“A ‘cheat day’ never hurt anybody,” you’ll hear people say regarding diets. You eat well most of the time, so you deserve to treat yourself, right? As it turns out, indulging in foods that are high in both saturated fat and calories can have an immediate negative effect on your heart health.
A study published in March 2018 reported how the bodies of 10 healthy men responded to a milkshake consisting of 1,000 calories and 80 grams of saturated fat, which mainly is found in animal products and is considered to be an unhealthy fat. The results of the study showed that, within four hours, all participants had negative effects to their:
● Blood fats: Triglycerides and fatty acids significantly increased.
● Arteries: They were less able to relax and dilate by some measures.
● Blood cells: These changed in shape and started to interact in a way that created unhealthy enzymes, affecting arteries and blood vessels.
● Immune systems: The men’s immune systems reacted as if there was an infection.
In other words, even though patients often think about a heart-healthy lifestyle as what we do on average, it might be more accurate to think of it as a daily series of moments that add up, each with its own effect. Particularly unhealthy choices might have consequences, even if they’re just once in a while.
So, what is a patient with a sweet tooth supposed to do? Thankfully, people can preserve their heart health without following a terribly restrictive diet. Let’s discuss how to plan and maintain a healthy diet with treats sprinkled in – but perhaps fewer milkshakes.
How high-fat, high-calorie foods affect the heart
This study actually provides answers to many questions I hear from patients, such as:
● Does eating a lot of healthy food outweigh splurges on unhealthy food?
● Do I still have to watch what I eat if my cholesterol levels and blood pressure are in the healthy range?
● Is it OK to indulge in rich, fatty treats once in a while?
Many people think that as long as they eat some healthy food, it will outweigh the bad. But as the study shows, consuming unhealthy food has immediate consequences to the body that, when repeated over the course of a lifetime, can lead to unhealthy arteries. Don’t get me wrong; eating any amount of nutritious food benefits heart health, but that doesn’t make unhealthy foods any less bad.
When patients have healthy cholesterol levels and blood pressure readings, they sometimes think they don’t need to worry about eating well. However, we know that’s not true when looking at how quickly high-fat, high-calorie foods can impact our health. Healthy eating is important for any patient, regardless of the outcomes of individual laboratory tests. Also, try to get at least 30 minutes of exercise per day, five days a week. A healthy diet and exercise go hand in hand for heart health.
4 tips for a healthy diet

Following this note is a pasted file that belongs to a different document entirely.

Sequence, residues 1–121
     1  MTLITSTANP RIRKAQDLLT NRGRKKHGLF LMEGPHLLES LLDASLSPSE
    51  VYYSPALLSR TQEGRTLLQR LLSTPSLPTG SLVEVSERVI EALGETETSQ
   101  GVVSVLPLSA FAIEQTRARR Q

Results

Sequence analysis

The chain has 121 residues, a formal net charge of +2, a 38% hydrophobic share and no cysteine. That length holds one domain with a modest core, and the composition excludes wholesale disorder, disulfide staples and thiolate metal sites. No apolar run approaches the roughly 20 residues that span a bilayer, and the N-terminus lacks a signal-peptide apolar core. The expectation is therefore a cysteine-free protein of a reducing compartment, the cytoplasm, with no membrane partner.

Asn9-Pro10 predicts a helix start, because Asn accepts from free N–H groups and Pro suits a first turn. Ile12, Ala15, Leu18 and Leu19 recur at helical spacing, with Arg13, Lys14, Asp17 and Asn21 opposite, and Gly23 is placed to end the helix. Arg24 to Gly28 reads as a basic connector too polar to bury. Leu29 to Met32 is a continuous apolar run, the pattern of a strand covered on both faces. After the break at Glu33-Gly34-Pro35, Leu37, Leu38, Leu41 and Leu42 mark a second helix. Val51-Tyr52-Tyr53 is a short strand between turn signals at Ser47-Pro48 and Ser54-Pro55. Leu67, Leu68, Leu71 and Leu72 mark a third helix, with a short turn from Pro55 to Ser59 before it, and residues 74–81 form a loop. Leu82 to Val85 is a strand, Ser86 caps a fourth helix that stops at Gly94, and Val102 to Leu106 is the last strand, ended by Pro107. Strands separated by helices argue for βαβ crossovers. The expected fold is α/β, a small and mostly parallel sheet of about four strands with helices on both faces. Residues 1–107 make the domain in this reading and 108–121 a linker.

In order to improve your diet, try outlining a routine in which your diet is consistently healthy without having to think much about it. Below are some tips to consider when making your plan:
1. Stock your home with healthy foods
When your home is full of healthy foods, it becomes work to find unhealthy food. Focus on fruits, vegetables, and whole grains. That way, if you really want a treat, you’ll have to put in extra effort to go get it.
2. Plan lunch and dinner in advance
Being busy can make it difficult to eat well consistently. I suggest preparing meals at home to eat at work for lunch each day. Also, make dinner plans in advance so you’re less tempted to purchase fast-food impulsively.
3. Make smoothies for breakfast
Smoothies are a great way to combine fruits and vegetables into a tasty, healthy meal. Plenty of healthy recipes are online that incorporate milk alternatives with less saturated fat than full-fat cow’s milk. You’ll be surprised how quickly this can become a healthy habit.
4. Don’t overdo cheat days
Cheat days or cheat meals don’t have to be laden with foods that are high in fat and calories. A few restaurant meals or rich treats can add up to several thousand calories more than you eat when you’re “being good” during the week. For example, feed your sweet tooth with low-fat yogurt or a few pieces of dark chocolate instead of a milkshake. We all have to live a little bit, so don’t be afraid that one rich meal will cause a heart attack or another heart event. But it’s important to remember that there’s no free ride to heart health, particularly for people at high risk for heart disease.
It’s never too late to improve your eating habits. In fact, doing so can improve your heart health and your risk for atherosclerosis, a disease in which plaque builds up quickly in your arteries. You have to work at it, so think it through, and make a plan. Moments can add up to a lifetime of heart health, so let’s take each one seriously.
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